Exploring experiences of using case study as a teaching strategy to learn about spirituality in occupational therapy education
Mthembu, Thuli, G.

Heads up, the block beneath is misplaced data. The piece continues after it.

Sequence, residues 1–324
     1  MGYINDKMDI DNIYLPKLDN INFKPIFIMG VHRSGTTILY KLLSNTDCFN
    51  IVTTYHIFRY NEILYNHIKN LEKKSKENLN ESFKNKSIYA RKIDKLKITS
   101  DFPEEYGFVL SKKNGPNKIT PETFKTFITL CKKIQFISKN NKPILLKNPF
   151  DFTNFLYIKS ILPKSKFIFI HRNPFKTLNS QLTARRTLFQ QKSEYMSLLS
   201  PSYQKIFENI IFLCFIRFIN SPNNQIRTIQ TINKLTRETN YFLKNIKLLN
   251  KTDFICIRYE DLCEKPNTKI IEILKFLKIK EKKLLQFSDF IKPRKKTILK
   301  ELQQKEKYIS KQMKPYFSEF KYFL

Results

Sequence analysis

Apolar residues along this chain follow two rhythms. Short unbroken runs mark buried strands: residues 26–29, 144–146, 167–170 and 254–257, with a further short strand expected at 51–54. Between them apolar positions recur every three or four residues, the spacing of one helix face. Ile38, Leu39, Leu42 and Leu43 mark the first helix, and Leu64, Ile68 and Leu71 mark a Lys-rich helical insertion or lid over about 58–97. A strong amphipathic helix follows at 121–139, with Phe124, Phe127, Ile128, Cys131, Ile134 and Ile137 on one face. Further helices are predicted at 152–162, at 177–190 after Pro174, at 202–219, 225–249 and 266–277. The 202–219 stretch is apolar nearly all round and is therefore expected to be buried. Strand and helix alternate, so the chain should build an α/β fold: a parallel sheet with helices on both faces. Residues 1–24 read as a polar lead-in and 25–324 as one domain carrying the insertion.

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Background. A case study is a teaching strategy that is used in other professions, such as nursing and medicine; however, there are no studies that focus on the experiences of occupational therapy (OT) students regarding the use of a case study to learn about spirituality. Objectives. To explore undergraduate OT students’ experiences of using a case study as a teaching strategy to learn about spirituality. Methods. Exploratory-descriptive qualitative research was conducted, using purposive sampling to select and recruit second-year OT students (N=25) who consented to participate in the study. Transcribed data from three focus group discussions were thematically analysed through a credible process. Results. Two major themes were identified. Theme 1, the importance of a case study as a teaching method, deals with students’ learning experiences of using a case study. Theme 2, skills learnt through a case study, highlights profession-specific and academic skills that students managed to acquire and apply by using a case study as a learning strategy. Conclusion. This study provided insight into the OT students’ experiences of using a case study. The findings are consistent with previous research that focuses on the use of a case study as a teaching strategy, which enabled students to apply their knowledge in a real-life situation by recognising and solving problems through engaging in critical reflection and using various skills. This work contributes to existing knowledge of health sciences education by providing teaching and learning strategies that educators may use to facilitate students’ engagement in collaborative learning.